It’s About Time

Lyra Thompson, Staff Writer

Time travel is a common trope in science fiction, but there isn’t one definitive way to go about it. There are many different books and movies that include time travel, but they all do it slightly differently. In this article, I’m going to break down three different types of time travel in media, how they work, and how the future is affected when each method is used.

The Classic “Butterfly Effect”

The Butterfly Effect is the most common type of time travel in fiction, and the one that most people probably think of. It’s the way that time travel works in “Back to the Future”. The Butterfly Effect is a term for the consequences of time travel. If you go back in time and change something, no matter how small, it could have drastic consequences for the future. In “Back to the Future”, Marty goes back in time to when his parents were in high school and must make sure his parents fall in love. If they don’t fall in love, he will cease to exist. Every small little thing he does could dramatically change the course of his parents’ life. The Butterfly Effect is how the Grandfather Paradox exists. The Grandfather Paradox states that if you go back in time and kill your grandfather, you’ll cease to exist, meaning you can’t go back in time and kill him, so you will exist.

Back to the Future (1985) - IMDb

Photo Credit: IMDb

The Unbreakable Loop

This approach to the time travel trope is probably the most confusing, but I will try to explain it the best I can. The main example of this type of time travel being used is in “Harry Potter and the Prisoner of Azkaban”. In the third Harry Potter book/movie, Hermione uses a Time Turner to take more classes in a day than normal time allows. At the end of the book, Harry and Hermione use it to go back in time and save Buckbeak, Hagrid’s beloved hippogriff, from being executed. With this method of time travel, you can never change the future, because the future would already be changed just by you traveling back in time. What you do in the past is always going to happen in the present.  For example, if you lost your phone and decided to go back in time an hour and remember to get it, your phone would already be there. In Harry Potter, Harry knew he could cast the patronus charm because he had already witnessed himself – back in time with the use of the Time Turner – casting it. To quote the character, he knew he could do it because he had already done it. You have to know something is going to happen in order to prevent it. People often wonder why wizards didn’t use the Time Turner to go back in time and prevent Harry’s parents from being killed, but that’s not how time travel works in the series. Lily and James’ deaths were unexpected, so nothing could’ve been done to change it.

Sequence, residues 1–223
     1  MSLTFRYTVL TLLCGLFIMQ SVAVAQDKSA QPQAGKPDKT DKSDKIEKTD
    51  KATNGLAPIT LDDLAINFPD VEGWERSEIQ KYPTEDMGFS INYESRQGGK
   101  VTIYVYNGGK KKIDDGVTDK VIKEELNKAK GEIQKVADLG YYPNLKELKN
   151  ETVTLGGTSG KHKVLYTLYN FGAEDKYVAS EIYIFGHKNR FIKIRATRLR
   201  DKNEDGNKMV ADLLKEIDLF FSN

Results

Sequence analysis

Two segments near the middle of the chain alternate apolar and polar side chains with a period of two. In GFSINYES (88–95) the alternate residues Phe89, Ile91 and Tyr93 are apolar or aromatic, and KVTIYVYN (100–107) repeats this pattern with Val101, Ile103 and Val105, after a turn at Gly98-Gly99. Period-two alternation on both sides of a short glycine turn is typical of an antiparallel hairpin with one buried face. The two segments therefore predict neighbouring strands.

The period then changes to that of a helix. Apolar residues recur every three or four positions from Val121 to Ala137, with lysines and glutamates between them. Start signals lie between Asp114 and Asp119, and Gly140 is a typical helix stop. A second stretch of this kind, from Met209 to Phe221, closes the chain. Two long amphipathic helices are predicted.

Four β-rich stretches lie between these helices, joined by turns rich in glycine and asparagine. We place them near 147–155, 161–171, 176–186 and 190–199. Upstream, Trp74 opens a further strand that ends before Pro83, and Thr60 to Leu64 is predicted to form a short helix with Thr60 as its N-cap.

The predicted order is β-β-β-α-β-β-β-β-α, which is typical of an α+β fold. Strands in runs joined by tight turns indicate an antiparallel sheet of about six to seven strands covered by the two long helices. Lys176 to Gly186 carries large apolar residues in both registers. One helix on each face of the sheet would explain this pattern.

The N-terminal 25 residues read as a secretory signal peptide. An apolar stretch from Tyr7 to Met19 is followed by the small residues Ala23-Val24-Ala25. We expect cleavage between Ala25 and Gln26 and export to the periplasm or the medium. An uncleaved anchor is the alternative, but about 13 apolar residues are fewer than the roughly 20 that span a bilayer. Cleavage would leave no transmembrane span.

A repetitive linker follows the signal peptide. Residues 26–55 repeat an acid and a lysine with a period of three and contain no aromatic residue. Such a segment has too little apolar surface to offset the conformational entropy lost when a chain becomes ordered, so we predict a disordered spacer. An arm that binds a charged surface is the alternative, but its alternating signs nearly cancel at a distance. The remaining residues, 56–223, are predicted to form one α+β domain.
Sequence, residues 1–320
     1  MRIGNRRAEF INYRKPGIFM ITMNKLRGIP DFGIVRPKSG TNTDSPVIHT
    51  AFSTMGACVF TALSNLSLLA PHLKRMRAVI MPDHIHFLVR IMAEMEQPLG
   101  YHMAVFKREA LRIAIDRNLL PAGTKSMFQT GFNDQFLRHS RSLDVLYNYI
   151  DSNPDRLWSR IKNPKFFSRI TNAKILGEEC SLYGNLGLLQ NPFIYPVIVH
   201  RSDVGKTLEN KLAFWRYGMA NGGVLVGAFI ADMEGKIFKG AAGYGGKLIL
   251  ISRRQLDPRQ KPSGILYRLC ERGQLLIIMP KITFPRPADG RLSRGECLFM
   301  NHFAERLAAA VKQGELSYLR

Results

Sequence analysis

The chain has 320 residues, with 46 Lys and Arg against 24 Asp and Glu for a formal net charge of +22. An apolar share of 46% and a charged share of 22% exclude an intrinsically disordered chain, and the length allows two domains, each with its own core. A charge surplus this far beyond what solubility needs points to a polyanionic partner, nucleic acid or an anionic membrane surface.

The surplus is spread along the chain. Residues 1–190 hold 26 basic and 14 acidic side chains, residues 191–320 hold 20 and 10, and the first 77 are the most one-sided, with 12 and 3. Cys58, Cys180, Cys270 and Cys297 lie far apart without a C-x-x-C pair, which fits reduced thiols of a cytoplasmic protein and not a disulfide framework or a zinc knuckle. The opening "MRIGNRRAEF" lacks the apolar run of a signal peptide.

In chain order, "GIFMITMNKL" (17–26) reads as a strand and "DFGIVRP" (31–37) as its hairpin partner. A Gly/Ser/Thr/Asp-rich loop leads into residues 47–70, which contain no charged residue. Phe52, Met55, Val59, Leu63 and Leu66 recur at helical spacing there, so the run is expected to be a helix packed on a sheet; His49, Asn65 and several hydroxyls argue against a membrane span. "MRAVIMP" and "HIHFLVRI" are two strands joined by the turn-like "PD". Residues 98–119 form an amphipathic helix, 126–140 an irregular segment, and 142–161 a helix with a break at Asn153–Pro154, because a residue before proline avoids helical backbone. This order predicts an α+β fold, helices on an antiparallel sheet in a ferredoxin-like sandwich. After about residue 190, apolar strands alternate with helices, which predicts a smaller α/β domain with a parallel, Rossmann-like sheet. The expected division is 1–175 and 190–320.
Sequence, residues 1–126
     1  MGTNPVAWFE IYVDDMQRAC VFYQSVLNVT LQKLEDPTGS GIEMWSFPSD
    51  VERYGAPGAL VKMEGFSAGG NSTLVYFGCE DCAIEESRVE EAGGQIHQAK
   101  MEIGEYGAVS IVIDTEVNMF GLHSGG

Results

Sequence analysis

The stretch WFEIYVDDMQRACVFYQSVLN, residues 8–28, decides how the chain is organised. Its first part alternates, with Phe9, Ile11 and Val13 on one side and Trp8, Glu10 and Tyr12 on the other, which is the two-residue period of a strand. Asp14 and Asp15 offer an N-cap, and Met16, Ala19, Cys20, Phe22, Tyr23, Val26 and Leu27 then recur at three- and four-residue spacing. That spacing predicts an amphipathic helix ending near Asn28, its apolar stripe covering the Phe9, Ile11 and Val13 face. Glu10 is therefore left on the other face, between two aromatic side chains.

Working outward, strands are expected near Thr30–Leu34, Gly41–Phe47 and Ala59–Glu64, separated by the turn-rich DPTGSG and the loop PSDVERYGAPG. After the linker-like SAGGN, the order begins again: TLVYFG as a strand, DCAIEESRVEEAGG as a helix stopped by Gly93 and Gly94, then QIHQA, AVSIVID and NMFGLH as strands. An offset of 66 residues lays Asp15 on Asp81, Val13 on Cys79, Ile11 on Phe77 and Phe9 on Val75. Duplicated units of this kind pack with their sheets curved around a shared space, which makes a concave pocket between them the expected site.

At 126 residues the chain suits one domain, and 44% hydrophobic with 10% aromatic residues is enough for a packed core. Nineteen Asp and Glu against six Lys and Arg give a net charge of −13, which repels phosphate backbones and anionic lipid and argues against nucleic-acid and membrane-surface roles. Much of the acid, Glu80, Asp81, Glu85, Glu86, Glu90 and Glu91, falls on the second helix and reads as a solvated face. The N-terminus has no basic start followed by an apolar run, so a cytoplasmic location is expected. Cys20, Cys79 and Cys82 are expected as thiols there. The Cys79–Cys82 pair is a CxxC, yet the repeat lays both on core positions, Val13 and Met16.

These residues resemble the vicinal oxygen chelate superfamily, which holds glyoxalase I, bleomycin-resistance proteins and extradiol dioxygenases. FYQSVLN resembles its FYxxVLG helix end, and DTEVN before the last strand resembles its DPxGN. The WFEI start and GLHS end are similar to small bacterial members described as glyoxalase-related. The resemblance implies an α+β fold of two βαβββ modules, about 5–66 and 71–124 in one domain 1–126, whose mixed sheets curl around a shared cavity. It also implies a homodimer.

A Harry Potter math wizard fills Hermione time-turner plot hole

Photo Credit: Digital Spy

The Multiverse

The multiverse is how time travel is handled in “Avengers: Endgame”. With the multiverse, what you do in the past won’t affect the present – at least, not in the same timeline. If you go back in time and do something slightly differently, it won’t have any consequences for the future. If you change something in a big way, instead of changing the future, it will create a new branch of the multiverse, a new timeline. That new timeline will be the aftermath of whatever you did in the past. In “Avengers: Endgame”, the Avengers go back in time to different locations, including New York during the events of the first Avengers movie. In New York, the actions of the Avengers from the present allow Loki of the past to escape with the tesseract. If “Avengers: Endgame” used the butterfly effect method of time travel, this would have disastrous consequences for the future, but the multiverse means that past Loki escapes into a new timeline that doesn’t affect the present Avengers.

Breaking Down How Time Travel Works in Avengers: Endgame | Time

Photo Credit: TIME